September 29, 2016

OICR funding new network to enhance molecular pathology research in Ontario

omprn-announce

Today OICR announced the launch of the Ontario Molecular Pathology Research Network (OMPRN), which will be based at Queen’s University and will bring together pathologists across the province.

Pathology is key to the early detection, diagnosis and treatment of cancer. An accurate diagnosis can provide better prognostic information and allow doctors to better target therapies. Pathology research can also lead to the development of new treatments that target specific cancer-driving mutations, genes and pathways, reducing the need for treatments with unwanted side effects.

But as researchers’ understanding of cancer, and its complexity, deepens, so too has the need for pathologists who can incorporate this new understanding into their daily routine, taking advantage of the latest technologies and knowledge to help patients.

This new network will enhance expertise in molecular pathology, improving the diagnosis of cancer and accelerating the adoption of more precision medicine for Ontario cancer patients.

That is why OICR has established the new Ontario Molecular Pathology Research Network (OMPRN), with initial funding of $3.7 million. It will be based at Queen’s University in Kingston under the leadership of Dr. David Lebrun and bring together a number of institutions province-wide.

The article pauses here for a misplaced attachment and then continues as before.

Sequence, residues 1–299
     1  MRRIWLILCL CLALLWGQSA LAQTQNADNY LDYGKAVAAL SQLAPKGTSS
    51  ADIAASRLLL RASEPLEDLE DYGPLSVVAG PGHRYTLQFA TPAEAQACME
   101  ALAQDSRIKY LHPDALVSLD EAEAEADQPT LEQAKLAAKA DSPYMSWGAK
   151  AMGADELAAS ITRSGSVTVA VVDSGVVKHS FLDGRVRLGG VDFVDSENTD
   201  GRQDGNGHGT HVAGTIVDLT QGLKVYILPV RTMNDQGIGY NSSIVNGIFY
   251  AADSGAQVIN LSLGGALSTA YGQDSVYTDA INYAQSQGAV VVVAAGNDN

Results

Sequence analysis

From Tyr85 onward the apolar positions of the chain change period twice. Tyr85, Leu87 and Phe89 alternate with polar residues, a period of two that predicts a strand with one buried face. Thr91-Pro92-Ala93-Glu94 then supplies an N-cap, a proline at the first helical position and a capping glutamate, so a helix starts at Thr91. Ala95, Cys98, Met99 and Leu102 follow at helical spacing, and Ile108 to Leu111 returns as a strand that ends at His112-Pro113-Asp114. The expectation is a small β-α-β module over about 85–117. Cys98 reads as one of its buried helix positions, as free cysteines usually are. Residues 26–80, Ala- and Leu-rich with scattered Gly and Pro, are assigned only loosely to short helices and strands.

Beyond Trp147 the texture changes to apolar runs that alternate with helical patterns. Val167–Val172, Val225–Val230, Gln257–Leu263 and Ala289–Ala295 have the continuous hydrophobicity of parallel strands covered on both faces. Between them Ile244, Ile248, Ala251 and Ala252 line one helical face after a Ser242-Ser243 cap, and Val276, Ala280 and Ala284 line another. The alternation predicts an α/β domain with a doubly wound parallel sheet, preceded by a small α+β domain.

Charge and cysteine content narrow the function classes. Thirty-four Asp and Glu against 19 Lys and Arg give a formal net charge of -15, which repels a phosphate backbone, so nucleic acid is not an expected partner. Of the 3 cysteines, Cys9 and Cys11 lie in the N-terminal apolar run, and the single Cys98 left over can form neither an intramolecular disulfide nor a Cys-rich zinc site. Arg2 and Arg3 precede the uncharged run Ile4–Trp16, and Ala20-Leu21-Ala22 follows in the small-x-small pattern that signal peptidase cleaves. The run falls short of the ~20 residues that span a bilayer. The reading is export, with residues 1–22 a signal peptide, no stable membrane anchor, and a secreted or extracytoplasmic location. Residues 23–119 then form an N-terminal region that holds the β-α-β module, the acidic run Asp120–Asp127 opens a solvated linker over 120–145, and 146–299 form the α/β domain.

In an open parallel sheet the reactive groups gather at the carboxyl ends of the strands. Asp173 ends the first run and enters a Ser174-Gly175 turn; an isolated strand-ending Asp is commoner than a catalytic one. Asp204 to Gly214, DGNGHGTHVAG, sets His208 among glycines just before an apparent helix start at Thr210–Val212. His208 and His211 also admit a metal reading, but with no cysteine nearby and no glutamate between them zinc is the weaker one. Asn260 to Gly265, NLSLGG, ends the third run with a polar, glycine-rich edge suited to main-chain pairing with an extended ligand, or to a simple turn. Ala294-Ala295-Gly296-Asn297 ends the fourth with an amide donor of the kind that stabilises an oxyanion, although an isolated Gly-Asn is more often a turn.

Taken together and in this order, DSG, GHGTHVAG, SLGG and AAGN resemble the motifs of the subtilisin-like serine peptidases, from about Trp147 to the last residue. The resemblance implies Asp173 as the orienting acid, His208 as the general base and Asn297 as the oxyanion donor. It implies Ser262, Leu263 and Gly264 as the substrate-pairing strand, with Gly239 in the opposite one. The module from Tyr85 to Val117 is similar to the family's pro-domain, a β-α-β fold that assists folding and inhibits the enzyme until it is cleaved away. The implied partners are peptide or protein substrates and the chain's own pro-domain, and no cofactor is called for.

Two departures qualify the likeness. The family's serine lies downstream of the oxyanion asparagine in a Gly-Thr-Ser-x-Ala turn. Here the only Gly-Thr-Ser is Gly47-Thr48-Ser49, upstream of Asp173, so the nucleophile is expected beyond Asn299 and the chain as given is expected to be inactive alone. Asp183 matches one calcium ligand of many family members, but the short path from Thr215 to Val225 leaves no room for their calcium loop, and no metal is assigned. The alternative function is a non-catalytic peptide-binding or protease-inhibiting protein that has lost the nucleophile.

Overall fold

Roger Deeley

The announcement was made at Queen’s University by Dr. Christine Williams, Deputy Director and Vice-President, Outreach of OICR.

“Today we are proud to announce the launch of the Ontario Molecular Pathology Research Network,” said Williams. “For patients, an accurate diagnosis is key to finding the best treatment for their cancer with the fewest side effects. This new network will enhance expertise in molecular pathology, improving the diagnosis of cancer and accelerating the adoption of more precision medicine for Ontario cancer patients.”

Dr. David LeBrun.

“We, as pathologists, are facing a whole new set of challenges,” said Lebrun. “There are hundreds of potential new cancer drugs available for study so we need people doing research into the relevant diagnostics. We need to draw young pathologists into the research community, provide funding for this research and work to have more pathology content integrated into medical school curriculums.”

OMPRN Researcher at work

The Network will increase the participation of Ontario cancer pathologists in research, enhance collaboration across the province and increase mentorship opportunities for residents and early career pathologists. The ultimate goal of OMPRN is to translate these strategies into improved diagnosis and treatment of cancer patients. This could mean more precision medicine, where diagnosis and treatment are linked for individual patients based on advanced diagnostics.

For more information about OMPRN, visit the website at https://ontariomolecularpathology.ca/